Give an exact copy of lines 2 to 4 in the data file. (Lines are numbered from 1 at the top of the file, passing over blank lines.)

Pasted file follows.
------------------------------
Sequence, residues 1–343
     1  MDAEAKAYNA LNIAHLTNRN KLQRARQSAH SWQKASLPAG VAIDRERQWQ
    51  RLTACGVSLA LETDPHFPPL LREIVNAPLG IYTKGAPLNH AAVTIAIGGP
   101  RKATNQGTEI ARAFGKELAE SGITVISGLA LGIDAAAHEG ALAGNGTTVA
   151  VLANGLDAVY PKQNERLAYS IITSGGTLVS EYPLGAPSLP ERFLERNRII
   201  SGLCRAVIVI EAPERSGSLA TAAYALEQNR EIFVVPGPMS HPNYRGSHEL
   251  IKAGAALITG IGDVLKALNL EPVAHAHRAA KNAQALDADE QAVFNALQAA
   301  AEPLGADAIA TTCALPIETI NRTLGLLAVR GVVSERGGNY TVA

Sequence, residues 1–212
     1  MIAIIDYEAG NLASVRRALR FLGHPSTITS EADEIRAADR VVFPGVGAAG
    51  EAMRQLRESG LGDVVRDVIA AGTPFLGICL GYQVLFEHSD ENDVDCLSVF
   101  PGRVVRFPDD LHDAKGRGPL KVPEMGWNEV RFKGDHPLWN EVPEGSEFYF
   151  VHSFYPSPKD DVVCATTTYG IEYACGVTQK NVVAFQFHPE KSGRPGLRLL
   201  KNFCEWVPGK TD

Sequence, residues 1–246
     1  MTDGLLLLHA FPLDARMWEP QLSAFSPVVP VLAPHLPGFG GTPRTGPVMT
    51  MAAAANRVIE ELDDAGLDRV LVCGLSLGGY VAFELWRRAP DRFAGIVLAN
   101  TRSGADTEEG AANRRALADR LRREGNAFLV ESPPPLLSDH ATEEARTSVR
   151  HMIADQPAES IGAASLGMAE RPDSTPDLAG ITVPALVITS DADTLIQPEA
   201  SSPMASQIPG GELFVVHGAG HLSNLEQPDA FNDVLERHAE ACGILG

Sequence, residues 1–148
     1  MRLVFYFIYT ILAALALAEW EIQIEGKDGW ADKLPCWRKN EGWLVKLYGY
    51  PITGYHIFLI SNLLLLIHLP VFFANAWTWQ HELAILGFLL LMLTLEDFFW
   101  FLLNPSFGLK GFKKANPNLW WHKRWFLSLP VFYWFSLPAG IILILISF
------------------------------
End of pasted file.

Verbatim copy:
     1  MDAEAKAYNA LNIAHLTNRN KLQRARQSAH SWQKASLPAG VAIDRERQWQ
    51  RLTACGVSLA LETDPHFPPL LREIVNAPLG IYTKGAPLNH AAVTIAIGGP
   101  RKATNQGTEI ARAFGKELAE SGITVISGLA LGIDAAAHEG ALAGNGTTVA